||The Cold War: An Environmental History
Vortrag: John R. McNeill, Ph.D.
Professor of History, Interim Director of the Mortara Center for International Studies, Georgetown University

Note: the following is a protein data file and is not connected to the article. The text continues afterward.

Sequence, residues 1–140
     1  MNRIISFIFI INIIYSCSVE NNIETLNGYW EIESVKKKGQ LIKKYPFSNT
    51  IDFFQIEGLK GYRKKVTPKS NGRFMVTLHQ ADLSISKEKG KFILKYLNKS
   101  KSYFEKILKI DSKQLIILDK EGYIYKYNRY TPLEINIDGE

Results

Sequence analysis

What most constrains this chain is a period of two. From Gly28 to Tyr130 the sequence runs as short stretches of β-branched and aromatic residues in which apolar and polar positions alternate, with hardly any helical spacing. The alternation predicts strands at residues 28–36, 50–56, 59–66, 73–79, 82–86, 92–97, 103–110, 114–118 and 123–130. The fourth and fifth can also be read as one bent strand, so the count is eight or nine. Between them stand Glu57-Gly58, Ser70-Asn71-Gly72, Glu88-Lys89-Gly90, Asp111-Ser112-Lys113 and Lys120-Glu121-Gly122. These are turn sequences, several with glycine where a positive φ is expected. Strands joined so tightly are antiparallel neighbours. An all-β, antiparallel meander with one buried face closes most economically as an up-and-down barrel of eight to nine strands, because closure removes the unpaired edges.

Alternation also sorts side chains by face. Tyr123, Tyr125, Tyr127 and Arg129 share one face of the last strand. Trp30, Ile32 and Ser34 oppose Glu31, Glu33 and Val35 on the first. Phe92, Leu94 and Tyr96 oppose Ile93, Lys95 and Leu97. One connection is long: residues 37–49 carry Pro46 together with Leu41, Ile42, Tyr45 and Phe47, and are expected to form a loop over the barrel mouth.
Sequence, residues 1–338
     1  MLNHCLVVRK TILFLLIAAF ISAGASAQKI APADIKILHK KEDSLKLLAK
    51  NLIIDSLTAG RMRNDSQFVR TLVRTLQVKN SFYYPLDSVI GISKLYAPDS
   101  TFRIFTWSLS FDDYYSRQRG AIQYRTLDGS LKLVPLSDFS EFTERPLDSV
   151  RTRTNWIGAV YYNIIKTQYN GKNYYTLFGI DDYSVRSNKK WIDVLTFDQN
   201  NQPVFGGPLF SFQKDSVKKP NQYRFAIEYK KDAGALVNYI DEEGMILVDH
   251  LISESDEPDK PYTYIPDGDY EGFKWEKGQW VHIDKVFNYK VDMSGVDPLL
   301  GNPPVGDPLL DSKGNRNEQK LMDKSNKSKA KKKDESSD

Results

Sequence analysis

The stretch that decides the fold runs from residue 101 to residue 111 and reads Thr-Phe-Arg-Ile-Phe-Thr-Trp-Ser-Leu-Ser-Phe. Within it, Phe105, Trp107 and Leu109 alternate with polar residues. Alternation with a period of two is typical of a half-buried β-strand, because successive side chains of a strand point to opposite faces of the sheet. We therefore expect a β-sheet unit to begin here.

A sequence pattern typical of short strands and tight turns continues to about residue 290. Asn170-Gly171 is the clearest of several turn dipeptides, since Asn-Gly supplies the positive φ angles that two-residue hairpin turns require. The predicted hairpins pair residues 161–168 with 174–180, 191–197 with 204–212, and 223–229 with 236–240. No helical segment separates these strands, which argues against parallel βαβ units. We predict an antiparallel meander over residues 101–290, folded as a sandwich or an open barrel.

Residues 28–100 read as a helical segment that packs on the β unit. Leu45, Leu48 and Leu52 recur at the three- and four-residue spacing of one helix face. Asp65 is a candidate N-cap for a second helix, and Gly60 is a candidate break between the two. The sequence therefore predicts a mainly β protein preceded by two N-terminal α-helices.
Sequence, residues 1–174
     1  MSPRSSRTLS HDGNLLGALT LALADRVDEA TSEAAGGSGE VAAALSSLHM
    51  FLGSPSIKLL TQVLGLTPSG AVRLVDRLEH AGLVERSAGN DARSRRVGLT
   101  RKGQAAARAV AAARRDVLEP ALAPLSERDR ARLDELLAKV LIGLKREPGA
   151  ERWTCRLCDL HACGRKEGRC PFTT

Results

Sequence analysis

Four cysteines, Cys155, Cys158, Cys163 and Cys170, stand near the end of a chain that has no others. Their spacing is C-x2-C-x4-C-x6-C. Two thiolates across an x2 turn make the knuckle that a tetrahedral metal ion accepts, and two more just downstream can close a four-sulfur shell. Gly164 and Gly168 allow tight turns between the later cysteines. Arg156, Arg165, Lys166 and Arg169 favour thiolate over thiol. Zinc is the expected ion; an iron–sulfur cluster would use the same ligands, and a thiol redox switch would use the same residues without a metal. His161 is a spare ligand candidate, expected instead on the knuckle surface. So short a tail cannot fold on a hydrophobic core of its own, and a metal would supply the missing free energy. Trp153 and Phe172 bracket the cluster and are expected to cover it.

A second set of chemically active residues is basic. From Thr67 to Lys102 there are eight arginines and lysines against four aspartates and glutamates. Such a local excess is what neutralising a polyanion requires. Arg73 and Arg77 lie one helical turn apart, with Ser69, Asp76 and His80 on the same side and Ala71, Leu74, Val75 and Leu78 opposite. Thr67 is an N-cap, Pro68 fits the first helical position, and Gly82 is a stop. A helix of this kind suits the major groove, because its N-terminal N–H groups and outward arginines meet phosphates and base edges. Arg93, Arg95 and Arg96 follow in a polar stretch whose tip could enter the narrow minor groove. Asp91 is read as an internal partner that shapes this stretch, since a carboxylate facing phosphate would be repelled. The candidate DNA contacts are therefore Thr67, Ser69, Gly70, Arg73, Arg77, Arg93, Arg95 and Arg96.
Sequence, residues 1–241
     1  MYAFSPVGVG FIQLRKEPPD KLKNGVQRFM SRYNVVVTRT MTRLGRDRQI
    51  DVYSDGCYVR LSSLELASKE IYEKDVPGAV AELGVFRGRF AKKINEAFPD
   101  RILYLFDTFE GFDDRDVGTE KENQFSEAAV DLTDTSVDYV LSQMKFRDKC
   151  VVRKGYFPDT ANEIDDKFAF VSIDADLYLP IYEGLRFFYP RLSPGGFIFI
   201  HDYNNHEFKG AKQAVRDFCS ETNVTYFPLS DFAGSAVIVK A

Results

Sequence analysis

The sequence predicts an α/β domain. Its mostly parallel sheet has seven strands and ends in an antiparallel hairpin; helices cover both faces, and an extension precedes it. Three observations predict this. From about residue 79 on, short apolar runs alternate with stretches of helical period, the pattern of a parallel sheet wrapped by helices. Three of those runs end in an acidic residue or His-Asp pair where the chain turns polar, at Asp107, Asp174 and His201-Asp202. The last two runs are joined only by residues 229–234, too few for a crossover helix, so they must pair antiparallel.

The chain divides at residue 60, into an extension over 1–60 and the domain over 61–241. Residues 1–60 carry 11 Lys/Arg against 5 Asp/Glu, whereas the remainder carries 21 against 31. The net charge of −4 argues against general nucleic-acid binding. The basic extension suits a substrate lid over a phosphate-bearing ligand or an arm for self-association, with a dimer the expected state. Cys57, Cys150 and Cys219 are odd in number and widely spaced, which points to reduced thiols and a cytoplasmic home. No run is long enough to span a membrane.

The Cold War (1945-91) is remembered as a global political struggle featuring the USA and the USSR, one that threatened to plunge the world into catastrophic war. But it was also an ecological process. The superpowers and their allies felt anxieties and entertained ambitions that drove them to try to harness nature to the fullest. While in the deeper past states often tried to do the same thing, after 1945 the capacity to control nature seemed almost unlimited, inspiring more grandiose agendas to bend nature to political purposes. This lecture focuses on the Green Revolution in agriculture, on transportation infrastructure, and on nuclear weapons programs, all seen as Cold War projects with widespread and enduring environmental consequences.